Forgotten gems: Miami Blues

(This is the first in an occasional series on movies that never got the recognition they deserved)

1990 was a landmark year for one of my favorite genres — the crime film. Martin Scorsese’s Goodfellas, the Coen Brothers’ Miller’s Crossing, Luc Besson’s La Femme Nikita and Stephen Frears’ The Grifters all hit screens that year to massive critical acclaim.

But lost in the pack was George Armitage’s stylish, funny and violent Miami Blues, an adaptation of Charles Willeford’s novel and one of the very best films of the 90s.

Alec Baldwin plays Freddie Frenger Jr., a dangerous ex-con who arrives in Miami as the film begins. Approached by a persistent Hare Krishna in the airport, he snaps the man’s fingers back and hops on a hotel shuttle. The Krishna dies, and Sgt. Hoke Moseley (Fred Ward) gets the case.

Junior is a thief by trade, looking to play any angle. When he calls hooker Susie Waggoner (Jennifer Jason Leigh) to his hotel room, he’s as interested in selling her a stolen dress as he is in sleeping with her. But they bond quickly — Susie is a sweet, dim girl who’s never been treated well by a man; Junior sees a shortcut to the good life, with a pretty wife and a house with a white picket fence in Coral Gables. And he’ll rob anybody he can to get it.

The film plays out as a cat and mouse game between Moseley and Junior, with Susie caught in the middle. Baldwin is alternately hilarious and psychotic in his best big screen role. Fred Ward gives Moseley the gruff weariness of a classic noir hero. And Jennifer Jason Leigh, who was basically unknown at the time, delivers her finest ever performance… a scene where she shares her recipe for vinegar pie is award-worthy all by itself.

The film is violent but comical, sometimes simultaneously, as when Junior calmly says to Susie “I want you to sew my eyebrow back on.” Baldwin’s anti-hero is one of those characters you can’t help but love, despite his actions, and his dialogue is priceless. I spent much of my twenties quoting this movie incessantly.

If you’ve never seen this film, rent it immediately! As an added bonus, it was filmed throughout South Florida, so those of you who (like me) live or have lived in that area will recognize many of the locations.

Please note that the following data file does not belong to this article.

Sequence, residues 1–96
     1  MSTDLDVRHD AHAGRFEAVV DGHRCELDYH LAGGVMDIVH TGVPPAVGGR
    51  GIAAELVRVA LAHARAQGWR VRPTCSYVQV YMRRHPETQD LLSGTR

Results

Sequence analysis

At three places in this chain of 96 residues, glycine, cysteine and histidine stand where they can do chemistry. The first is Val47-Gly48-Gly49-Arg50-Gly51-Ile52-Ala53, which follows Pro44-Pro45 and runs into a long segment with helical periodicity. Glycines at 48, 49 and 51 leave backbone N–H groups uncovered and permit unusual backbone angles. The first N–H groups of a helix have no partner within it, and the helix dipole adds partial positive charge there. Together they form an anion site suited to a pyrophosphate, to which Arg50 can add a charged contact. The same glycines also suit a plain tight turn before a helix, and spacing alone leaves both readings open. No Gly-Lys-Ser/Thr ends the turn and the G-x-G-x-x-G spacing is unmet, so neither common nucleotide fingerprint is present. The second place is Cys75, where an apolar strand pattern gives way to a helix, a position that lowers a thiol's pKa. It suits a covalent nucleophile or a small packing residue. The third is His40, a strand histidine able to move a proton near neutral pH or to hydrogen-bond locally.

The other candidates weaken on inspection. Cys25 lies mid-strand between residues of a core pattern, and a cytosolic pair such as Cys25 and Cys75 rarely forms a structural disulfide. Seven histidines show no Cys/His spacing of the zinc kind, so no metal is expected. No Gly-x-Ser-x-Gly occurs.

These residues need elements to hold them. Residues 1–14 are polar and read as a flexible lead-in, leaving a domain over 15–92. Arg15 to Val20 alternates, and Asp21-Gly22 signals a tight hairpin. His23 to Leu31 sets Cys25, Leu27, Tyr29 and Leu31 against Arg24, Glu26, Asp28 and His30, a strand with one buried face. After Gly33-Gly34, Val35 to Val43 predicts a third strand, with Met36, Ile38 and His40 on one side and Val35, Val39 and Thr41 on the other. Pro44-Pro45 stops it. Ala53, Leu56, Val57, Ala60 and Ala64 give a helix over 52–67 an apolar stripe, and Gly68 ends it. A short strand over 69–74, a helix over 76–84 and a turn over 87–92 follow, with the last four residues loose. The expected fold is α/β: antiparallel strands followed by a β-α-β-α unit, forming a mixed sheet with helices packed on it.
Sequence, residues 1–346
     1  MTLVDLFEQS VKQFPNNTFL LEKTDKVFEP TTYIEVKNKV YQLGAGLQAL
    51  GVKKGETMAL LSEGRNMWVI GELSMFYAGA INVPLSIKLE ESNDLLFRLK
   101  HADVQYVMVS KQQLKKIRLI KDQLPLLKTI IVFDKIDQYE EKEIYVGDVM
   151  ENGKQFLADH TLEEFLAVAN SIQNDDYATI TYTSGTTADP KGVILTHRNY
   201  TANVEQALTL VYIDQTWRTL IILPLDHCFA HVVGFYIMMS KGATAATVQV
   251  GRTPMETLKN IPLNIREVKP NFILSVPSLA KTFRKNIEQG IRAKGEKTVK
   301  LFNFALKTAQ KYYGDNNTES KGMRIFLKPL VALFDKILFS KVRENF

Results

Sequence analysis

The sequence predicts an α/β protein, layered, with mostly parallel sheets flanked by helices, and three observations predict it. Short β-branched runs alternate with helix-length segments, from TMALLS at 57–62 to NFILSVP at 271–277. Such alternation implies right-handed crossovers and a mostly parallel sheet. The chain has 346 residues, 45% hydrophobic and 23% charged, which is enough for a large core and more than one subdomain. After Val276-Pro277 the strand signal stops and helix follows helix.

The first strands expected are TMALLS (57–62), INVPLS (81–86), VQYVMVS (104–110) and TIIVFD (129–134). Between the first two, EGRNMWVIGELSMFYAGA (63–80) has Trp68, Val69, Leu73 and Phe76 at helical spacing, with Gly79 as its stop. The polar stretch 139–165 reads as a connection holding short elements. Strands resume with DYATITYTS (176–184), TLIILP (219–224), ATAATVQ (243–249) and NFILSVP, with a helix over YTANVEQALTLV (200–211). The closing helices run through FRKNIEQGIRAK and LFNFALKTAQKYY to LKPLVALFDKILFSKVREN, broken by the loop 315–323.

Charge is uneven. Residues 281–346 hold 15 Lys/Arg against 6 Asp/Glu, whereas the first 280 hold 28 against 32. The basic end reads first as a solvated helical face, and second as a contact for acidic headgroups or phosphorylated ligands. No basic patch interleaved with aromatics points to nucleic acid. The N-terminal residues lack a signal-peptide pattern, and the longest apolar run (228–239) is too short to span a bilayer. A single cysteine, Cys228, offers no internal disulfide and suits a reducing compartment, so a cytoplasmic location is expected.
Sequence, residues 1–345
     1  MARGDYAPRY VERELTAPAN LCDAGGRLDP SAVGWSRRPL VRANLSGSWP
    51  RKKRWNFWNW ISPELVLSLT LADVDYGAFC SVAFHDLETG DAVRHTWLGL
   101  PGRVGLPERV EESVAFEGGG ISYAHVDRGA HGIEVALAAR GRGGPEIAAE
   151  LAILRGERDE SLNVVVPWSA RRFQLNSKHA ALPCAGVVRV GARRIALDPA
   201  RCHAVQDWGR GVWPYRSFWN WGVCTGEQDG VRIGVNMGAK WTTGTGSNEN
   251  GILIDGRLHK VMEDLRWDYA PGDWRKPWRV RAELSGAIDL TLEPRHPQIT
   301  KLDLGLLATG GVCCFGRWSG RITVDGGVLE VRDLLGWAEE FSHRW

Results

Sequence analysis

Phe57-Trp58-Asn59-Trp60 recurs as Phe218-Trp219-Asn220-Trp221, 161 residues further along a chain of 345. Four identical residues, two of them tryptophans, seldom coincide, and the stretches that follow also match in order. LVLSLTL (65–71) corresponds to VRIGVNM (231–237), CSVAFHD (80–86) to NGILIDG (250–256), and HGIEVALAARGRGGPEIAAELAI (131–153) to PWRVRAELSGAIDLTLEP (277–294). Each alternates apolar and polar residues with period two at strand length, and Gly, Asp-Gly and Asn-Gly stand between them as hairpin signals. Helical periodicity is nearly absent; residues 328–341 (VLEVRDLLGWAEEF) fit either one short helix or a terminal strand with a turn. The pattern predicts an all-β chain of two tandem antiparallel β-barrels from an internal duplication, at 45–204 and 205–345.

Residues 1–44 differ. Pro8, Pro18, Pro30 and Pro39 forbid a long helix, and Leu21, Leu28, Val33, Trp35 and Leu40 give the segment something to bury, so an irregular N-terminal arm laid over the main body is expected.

12 thoughts on “Forgotten gems: Miami Blues

  1. Amy says:

    By never having gotten “the recognition they deserve,” do you mean by audiences, critics, the academy or some other entity? I ask because I recall Miami Blues being critically well-received when it came out, and I think the film even received some nominations. So are you looking specifically for films that never found an audience?

    I remember little about this film except that I enjoyed it very much. Not sure what that says about its quality. Probably just that I hid my eyes through much of it for fear of the violence.

    If you’re taking suggestions, I nominate Talk to Me for a future spot in your series.

  2. Clay says:

    I’m primarily talking about audience response, with award recognition as a consideration as well. Miami Blues did receive rave reviews but aside from a couple critics’ group awards for Jennifer Jason Leigh it was ignored in awards season. And it disappeared at the box office.

  3. Amy says:

    And are you taking suggestions? Or is your list already too long for this not to become a full-time blogging exercise?

  4. Clay says:

    Suggestions are certainly welcome.

  5. Amy says:


  6. Clay says:

    I think that one is still a little new to fit this category… plus I wasn’t as floored by it as some.

  7. Amy says:

    So now there is a date requirement? Or is this just another way to deny the little film that could its rightful due? Not floored by it? 😛

  8. Clay says:

    Well, it’s hard for a film to be forgotten when it came out last year!

  9. Amy says:

    When it’s overlooked by all major critics groups, Golden Globes and the Academy awards, and when, according to your own criteria, it has been largely unseen by “Joe Moviegoer” than it could be a fair candidate for your series. Of course, you would have to believe it warrants such recognition, which, apparently, you do not.
    So just look for a future blog entry over at Maybe future Design Star Heather will do a Once inspired redo of my play/guest room for her audition tape.

  10. Clay says:

    Well, it did win an Academy award, if only in the song category.

  11. Amy says:

    Okay, then how about featuring it on your Song of the Day series? Is it worth one of 365 slots?

  12. Clay says:

    That’s a fine idea, though I’ll have to do it 40-50 down the road now so it doesn’t look like I’m bowing to pressure! 🙂

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